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HR pro can pursue FMLA claim against parent company, subsidiary, judge rules



Dive Brief:

  • Astronautics Corporation of America failed to show that it was not a joint employer along with a subsidiary for purposes of the Family and Medical Leave Act, a federal district court judge ruled Jan. 23 (Duncan v. Kearfott Corp.).
  • An HR manager for Kearfott Corp. filed a lawsuit alleging she was terminated shortly after requesting time off to care for a family member. She sued both companies, claiming they were joint employers and therefore jointly liable for any violations.
  • The parent company asked the court to dismiss the claims against it, arguing that it wasn’t the plaintiff’s employer and, even if it was, it was not involved in the termination decision. A judge disagreed, saying the allegations — claims that the pair maintained “interrelated” HR operations and that a shared VP terminated the plaintiff, among other things — were enough to allow the employee’s claims to continue. Astronautics did not return a request for comment.

Dive Insight:

The FMLA, like many employment laws, allows for joint liability. DOL regulations implementing the law say this can occur when two or more businesses exercise some control over an employee’s working conditions.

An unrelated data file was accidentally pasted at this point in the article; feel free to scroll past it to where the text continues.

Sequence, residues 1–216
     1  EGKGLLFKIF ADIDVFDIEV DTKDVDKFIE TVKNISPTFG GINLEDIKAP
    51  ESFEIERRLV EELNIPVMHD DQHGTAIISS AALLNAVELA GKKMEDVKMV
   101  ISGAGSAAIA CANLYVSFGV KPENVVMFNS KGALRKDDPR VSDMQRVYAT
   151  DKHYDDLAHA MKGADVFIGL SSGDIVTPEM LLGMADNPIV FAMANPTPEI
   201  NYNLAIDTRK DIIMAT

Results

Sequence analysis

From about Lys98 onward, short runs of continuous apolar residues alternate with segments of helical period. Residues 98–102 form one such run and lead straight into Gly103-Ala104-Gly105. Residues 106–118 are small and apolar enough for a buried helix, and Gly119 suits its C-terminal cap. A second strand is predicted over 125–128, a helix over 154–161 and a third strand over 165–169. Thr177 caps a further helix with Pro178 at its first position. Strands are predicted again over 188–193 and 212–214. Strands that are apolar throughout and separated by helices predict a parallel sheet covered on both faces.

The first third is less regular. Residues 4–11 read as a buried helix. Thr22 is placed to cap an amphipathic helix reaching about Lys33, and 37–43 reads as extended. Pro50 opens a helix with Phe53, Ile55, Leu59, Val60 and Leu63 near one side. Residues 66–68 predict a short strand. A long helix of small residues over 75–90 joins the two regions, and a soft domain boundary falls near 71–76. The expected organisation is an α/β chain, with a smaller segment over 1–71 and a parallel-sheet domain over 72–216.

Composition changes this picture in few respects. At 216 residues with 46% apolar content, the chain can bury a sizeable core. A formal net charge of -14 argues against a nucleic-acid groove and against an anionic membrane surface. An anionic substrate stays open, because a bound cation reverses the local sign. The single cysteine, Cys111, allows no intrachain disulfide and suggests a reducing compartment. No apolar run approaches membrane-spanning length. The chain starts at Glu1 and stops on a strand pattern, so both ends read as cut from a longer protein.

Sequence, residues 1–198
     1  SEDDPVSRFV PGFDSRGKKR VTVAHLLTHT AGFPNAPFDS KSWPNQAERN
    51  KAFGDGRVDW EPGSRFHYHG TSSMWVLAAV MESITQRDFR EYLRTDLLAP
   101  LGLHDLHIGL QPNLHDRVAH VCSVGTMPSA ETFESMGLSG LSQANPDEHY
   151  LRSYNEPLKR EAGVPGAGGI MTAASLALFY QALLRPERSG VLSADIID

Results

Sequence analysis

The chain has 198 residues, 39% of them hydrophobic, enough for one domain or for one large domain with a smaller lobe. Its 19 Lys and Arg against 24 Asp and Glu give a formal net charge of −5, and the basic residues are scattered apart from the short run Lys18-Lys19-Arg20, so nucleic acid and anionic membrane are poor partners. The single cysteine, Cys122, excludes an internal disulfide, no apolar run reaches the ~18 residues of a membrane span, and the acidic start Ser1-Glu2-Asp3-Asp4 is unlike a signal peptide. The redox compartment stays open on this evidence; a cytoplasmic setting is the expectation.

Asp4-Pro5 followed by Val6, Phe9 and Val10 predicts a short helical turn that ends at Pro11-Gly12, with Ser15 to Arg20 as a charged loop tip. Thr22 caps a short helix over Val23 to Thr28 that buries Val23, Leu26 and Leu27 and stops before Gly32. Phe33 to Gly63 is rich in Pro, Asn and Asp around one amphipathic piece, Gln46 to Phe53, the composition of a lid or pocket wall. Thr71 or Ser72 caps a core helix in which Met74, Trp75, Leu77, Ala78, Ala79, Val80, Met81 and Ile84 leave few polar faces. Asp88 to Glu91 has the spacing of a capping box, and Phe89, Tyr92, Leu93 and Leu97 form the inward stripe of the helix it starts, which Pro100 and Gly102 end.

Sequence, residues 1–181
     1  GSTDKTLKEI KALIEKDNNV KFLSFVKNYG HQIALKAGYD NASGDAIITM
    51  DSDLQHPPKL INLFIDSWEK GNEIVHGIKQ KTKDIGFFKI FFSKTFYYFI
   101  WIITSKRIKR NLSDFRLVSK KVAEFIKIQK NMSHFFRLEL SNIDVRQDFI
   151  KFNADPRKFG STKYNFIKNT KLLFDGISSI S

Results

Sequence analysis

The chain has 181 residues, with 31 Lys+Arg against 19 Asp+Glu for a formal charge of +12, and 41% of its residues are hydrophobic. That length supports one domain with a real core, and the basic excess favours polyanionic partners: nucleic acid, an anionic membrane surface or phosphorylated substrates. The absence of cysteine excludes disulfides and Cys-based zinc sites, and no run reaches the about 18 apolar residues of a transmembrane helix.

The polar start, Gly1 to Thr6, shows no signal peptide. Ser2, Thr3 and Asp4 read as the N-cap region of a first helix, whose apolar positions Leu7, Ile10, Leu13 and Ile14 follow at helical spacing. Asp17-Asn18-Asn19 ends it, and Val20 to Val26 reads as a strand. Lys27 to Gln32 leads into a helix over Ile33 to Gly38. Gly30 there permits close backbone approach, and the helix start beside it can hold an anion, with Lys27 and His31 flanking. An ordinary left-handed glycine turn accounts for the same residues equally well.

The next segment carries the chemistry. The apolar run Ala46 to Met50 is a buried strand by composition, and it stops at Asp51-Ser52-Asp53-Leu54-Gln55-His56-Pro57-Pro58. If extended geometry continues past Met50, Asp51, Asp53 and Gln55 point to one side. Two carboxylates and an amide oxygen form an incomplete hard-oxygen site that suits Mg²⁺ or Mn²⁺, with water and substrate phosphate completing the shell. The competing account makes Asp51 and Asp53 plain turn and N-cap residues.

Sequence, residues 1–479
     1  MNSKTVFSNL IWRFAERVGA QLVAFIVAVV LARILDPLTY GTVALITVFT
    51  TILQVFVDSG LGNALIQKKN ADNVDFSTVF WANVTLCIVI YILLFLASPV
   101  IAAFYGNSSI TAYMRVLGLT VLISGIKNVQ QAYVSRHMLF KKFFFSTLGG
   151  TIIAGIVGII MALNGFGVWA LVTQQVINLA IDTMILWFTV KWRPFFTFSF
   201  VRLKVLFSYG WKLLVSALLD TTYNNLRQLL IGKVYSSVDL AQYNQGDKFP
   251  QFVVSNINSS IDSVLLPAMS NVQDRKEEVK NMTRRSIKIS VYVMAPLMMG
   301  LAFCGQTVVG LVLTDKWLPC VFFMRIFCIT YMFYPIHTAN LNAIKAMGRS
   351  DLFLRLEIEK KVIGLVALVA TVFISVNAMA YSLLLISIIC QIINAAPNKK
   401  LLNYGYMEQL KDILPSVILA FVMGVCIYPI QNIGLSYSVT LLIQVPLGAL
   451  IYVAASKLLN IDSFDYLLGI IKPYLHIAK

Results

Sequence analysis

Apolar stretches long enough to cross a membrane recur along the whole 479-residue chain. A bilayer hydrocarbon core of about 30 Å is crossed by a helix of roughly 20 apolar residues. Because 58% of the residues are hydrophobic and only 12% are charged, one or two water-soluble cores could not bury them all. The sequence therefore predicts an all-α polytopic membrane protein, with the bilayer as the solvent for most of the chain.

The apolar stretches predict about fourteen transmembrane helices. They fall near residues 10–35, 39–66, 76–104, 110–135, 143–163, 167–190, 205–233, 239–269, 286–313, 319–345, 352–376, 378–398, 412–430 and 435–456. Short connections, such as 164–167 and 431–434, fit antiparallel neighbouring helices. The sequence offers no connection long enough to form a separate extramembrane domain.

Joint employment may be found, the FMLA rules say, if: (1) there’s an arrangement between companies to share an employee’s services or interchange employees; (2) an employer acts in the interest of the other in relation to the employee; or (3) the employers aren’t completely disassociated with respect to the employee’s employment.

In Duncan, the two companies allegedly maintained connected HR operations and shared senior managers. According to the complaint, the VP of administration for Astronautics directly oversaw hiring of management at Kearfott. The shared VP of finance also oversaw a portion of the plaintiff’s work, she alleged. That was enough for the claims to survive the motion to dismiss, the judge said.

Joint employment claims can arise in a variety of situations, but often include staffing arrangements or franchise agreements. Complicating that area of compliance, various laws and enforcement agencies maintain differing standards and tests for joint employment. DOL enforces the FMLA and Fair Labor Standards Act, for example, and the National Labor Relations Board has its own test for National Labor Relations Act liability.

Those standards have been an active area of employment law in recent years: DOL changed its stance when President Joe Biden took office, and new NLRB regulations are slated to take effect next month. Some business advocates have urged Congress to step in and legislate a single joint employment standard.

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